Diving deep into SQL-Server 2005

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3 Responses

  1. Dennis, this has nothing to do with Sql 2005.
    All the things you mention are valid for almost every database.

    Therefore there is nothing new about it…..

    You can see the SQL Server performance Website for very good explanations of the do’s and dont’s.

    However I am GLAD at least 1 developer is staying away from the GUID’s in the future…
    ( have a look at my blog http://bloggingabout.net/blogs/wellink/archive/2004/03/15/598.aspx
    Read the comments and read who posted them…( you should know some of them)
    Then RE-Evaluate those persons with this new knowledge….)

    Patrick W.

  2. Patrick,
    I’ve read your blogpost about ‘guid is not always good’.
    I agree with you that you should not put a clustered index on a GUID column. However, this does not mean that you never should use a GUID as primary key. As long as your primary key GUID is not a clustered index, I think there’s nothing wrong with it.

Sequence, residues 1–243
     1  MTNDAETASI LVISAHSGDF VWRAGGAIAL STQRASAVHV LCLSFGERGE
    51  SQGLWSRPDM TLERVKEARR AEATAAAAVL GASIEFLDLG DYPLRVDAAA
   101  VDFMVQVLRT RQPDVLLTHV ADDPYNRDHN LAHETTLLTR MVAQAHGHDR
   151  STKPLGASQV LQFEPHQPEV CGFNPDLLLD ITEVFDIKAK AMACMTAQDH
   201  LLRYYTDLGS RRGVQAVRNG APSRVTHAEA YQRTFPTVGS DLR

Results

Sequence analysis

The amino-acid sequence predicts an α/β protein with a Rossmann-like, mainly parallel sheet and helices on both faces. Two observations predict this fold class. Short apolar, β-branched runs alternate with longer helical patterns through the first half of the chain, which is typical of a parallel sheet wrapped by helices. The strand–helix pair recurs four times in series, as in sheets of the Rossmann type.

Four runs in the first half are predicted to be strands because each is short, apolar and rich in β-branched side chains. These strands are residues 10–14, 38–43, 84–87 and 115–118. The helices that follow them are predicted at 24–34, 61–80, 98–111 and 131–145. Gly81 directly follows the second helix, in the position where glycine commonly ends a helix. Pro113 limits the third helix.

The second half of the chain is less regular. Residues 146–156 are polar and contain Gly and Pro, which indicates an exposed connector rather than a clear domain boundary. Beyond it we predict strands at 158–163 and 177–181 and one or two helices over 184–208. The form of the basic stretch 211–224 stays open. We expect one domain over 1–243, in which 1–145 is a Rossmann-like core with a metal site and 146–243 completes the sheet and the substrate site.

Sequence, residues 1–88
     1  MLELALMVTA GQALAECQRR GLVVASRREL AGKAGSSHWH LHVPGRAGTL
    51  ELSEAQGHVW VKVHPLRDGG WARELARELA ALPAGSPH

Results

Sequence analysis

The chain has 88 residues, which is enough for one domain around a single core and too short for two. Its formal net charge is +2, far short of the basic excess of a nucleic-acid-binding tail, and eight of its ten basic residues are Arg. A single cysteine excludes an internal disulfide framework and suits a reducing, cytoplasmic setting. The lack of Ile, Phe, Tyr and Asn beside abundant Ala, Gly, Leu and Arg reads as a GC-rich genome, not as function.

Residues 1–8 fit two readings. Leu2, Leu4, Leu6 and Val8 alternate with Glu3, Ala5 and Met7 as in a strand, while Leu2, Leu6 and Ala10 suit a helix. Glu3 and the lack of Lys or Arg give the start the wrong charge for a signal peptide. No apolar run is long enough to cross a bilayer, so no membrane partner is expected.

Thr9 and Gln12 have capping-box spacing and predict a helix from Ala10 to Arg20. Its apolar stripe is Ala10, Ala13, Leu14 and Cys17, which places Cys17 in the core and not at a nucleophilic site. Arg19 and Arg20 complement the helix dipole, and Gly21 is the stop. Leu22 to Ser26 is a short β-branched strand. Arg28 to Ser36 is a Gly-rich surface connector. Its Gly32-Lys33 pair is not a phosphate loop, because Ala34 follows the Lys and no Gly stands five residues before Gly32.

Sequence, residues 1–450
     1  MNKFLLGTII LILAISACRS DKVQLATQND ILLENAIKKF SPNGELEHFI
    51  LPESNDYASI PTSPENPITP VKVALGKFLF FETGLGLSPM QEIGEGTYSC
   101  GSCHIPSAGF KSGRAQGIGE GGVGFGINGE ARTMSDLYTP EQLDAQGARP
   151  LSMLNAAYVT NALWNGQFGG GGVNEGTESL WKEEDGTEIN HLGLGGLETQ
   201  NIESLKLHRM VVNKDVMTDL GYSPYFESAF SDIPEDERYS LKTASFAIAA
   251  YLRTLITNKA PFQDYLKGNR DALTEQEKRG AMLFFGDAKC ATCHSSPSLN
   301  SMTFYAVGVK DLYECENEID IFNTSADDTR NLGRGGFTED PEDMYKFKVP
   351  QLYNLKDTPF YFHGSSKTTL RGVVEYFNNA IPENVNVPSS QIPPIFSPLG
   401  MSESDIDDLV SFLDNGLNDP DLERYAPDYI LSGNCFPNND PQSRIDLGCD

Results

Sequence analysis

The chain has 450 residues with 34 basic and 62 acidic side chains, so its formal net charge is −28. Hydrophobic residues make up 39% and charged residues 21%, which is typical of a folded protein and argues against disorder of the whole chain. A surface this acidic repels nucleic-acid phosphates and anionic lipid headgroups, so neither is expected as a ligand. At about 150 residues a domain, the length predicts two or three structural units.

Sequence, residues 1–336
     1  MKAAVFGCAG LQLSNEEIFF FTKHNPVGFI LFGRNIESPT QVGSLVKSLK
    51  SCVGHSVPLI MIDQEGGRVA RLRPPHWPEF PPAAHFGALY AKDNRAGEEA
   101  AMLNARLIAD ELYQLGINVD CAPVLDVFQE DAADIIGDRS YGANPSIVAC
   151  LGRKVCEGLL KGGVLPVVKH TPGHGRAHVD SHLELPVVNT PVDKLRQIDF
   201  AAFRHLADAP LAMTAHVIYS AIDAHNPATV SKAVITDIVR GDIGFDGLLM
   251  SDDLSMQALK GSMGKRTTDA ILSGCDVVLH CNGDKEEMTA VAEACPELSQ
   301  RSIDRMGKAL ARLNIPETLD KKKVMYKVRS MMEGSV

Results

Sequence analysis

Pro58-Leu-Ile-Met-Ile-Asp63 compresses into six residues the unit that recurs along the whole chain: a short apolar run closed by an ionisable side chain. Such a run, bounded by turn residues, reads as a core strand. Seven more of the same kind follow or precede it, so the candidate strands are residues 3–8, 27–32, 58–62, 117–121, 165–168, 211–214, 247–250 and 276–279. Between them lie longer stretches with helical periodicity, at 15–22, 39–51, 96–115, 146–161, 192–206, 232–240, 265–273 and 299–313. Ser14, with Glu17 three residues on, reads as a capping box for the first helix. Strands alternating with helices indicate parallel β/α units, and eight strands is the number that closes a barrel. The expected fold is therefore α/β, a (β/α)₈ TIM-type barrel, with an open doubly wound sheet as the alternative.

I also think that the statement that is in the BoL (haven’t verified it) should be ‘a primary key creates a clustered index by default’, instead of automatically. You can always override this clustered option.

    The biggest problem of using a GUID as a clustered primary key index, is, that a clustered index determines the fysical order of your records. Since a GUID has no logical incrementing sequence, this means that with every insert, your clustered index will have to be rebuilt, and since the clustered index determines the way the records are ordered within that table, those records will have to be ‘repositioned’ as well. That’s the primary reason why a GUID can detoriate the performance.
    So, I would say, if you use a GUID, be sure that you *never* put a clustered index on that GUID-column.

  3. Well if you have read the ENTIRE postings…
    somebody put a script there showing that guids WILL affect the search times as well ( i dont recall exactly but about 35 % faster if you use int), this is completely logical since a guid is 4 times as big as a int.

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